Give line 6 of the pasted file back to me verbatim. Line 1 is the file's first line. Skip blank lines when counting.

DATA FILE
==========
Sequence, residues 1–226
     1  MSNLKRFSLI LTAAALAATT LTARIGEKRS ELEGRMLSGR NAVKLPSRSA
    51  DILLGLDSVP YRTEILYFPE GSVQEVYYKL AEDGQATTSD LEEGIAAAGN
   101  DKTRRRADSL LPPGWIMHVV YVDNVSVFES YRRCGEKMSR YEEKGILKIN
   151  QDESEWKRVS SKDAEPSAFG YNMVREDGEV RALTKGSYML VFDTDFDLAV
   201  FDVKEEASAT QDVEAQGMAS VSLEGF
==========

   201  FDVKEEASAT QDVEAQGMAS VSLEGF